"If you're a fan of the game and you've been watching, you want the Viacom's onboard," he explained. "You want the Fox's onboard. You want huge, monolithic entertainment giants supporting this game and building it up, and building it up both domestically and internationally. Part of that is investment, and part of that investment is in the fighters. So, are we going to continue to follow a process that's been pretty well documented and that the other large organization in this space follows? We may.

    "I think it would be a different situation if you were saying to the fighter, hey, we want a right to match, but we want to pay you 30-percent less than any deal you get. Now that would be untenable. That would be, in my mind, unfair. But when you do make the commitment, and you do provide the opportunity, and you do provide the platform, I don't think it's an unreasonable thing to ask for.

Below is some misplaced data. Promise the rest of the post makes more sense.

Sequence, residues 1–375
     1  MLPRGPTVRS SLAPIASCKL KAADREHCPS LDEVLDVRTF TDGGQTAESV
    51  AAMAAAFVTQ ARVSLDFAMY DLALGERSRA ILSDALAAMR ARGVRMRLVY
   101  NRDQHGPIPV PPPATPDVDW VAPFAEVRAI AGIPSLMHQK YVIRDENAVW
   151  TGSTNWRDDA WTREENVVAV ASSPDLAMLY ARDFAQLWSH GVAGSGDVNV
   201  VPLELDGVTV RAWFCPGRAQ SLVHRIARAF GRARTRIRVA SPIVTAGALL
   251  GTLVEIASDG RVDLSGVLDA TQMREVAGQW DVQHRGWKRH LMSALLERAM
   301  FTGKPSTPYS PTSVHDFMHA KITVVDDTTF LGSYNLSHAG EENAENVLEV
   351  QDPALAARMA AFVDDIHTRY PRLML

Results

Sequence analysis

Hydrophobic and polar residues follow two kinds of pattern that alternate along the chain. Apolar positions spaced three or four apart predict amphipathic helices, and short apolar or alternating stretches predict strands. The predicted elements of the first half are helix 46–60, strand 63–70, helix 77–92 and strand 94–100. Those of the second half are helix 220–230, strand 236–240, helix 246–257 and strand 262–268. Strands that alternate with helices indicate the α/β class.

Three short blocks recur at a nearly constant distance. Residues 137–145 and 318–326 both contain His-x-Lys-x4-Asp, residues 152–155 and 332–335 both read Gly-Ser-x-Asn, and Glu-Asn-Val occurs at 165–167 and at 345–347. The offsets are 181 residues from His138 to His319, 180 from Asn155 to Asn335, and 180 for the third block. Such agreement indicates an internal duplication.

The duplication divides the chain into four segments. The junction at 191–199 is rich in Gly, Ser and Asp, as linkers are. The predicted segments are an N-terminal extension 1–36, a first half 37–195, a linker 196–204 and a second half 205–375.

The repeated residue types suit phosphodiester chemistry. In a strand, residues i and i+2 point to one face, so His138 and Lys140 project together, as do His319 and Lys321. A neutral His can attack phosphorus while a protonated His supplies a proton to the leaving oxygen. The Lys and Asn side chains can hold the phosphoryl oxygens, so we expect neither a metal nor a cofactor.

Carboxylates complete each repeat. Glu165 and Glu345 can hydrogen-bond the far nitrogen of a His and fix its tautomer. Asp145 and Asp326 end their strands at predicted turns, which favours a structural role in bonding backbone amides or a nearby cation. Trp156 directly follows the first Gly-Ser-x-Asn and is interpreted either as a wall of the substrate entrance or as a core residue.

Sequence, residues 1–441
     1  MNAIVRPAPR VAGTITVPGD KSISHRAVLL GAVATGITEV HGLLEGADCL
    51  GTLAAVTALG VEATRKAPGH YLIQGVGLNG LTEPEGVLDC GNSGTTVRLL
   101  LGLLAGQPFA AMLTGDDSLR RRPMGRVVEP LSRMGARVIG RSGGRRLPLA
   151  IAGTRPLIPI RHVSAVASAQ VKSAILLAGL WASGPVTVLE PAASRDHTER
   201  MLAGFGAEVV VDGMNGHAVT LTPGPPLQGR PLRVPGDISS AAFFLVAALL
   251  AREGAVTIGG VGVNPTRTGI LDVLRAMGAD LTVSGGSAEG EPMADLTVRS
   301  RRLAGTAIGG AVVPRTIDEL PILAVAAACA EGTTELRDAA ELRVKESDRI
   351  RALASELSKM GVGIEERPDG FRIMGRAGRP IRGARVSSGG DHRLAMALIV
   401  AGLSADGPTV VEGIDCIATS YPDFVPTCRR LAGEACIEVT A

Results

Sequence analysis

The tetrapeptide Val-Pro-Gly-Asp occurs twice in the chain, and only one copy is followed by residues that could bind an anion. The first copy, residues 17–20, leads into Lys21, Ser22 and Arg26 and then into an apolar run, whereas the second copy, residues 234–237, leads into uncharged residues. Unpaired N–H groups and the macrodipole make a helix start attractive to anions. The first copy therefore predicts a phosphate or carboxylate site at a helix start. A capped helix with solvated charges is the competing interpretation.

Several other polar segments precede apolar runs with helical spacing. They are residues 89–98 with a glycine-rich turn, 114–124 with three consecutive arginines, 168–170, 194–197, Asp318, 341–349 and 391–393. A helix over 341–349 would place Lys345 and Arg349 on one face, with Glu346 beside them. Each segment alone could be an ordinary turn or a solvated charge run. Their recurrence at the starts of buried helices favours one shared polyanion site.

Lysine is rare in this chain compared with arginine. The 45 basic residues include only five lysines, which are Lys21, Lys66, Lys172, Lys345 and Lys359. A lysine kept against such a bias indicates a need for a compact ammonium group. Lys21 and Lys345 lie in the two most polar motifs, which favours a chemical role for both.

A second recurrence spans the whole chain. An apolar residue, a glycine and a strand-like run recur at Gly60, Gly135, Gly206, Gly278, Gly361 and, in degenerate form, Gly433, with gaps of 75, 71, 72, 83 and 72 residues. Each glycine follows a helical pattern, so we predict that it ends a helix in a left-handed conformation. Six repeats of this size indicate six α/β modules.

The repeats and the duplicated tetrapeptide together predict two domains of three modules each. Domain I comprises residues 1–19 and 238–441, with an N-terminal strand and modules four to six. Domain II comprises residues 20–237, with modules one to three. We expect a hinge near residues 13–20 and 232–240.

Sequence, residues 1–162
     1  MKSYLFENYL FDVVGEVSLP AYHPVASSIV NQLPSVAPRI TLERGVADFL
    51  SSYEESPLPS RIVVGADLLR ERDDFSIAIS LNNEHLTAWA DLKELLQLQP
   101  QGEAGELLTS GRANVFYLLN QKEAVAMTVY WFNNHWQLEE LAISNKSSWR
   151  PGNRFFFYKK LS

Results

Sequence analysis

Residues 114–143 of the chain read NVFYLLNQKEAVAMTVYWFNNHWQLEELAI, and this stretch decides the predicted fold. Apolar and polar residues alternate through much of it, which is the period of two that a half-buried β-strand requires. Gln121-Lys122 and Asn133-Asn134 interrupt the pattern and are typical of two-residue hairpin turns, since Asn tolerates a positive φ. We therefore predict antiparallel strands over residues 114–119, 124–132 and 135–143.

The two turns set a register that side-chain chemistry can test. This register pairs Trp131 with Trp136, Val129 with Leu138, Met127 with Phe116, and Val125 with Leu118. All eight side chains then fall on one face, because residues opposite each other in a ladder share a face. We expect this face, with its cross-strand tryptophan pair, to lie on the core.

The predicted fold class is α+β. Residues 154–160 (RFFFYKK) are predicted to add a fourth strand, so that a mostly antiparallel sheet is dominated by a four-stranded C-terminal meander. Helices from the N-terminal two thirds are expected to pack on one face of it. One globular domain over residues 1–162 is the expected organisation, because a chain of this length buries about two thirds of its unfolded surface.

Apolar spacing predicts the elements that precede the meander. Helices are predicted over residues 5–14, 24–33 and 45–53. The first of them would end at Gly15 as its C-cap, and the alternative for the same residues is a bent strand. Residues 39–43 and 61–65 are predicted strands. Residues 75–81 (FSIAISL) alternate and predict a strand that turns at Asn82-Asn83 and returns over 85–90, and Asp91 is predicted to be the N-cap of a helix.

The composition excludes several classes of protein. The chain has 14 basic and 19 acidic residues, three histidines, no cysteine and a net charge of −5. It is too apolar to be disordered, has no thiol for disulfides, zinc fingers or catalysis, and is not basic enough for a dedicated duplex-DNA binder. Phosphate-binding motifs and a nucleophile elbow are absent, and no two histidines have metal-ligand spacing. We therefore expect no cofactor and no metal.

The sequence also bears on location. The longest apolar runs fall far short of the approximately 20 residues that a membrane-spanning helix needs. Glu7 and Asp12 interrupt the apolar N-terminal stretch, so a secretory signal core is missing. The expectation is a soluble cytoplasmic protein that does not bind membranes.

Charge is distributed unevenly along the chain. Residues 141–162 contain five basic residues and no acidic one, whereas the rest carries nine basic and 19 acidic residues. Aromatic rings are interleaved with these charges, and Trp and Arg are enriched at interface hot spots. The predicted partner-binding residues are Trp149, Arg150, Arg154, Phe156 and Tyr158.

"These contracts are 40-something pages long," Rebney concluded. "And written by some of the smartest minds in the legal profession. So sometimes people don't have the opportunity to review them all or see them in totality, or understand the commitment that our company or another company might make to a fighter."
    And if you want beef, then bring the ruckus

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    i disagree with bjorn completely, if you cut a fighter, youve decided he isnt good enough or you dont have the space for him to fight. all of a sudden when someone else wants that fighter you wanna try to make the room or decide he is good enough? a release is a release, a firing, not a lay off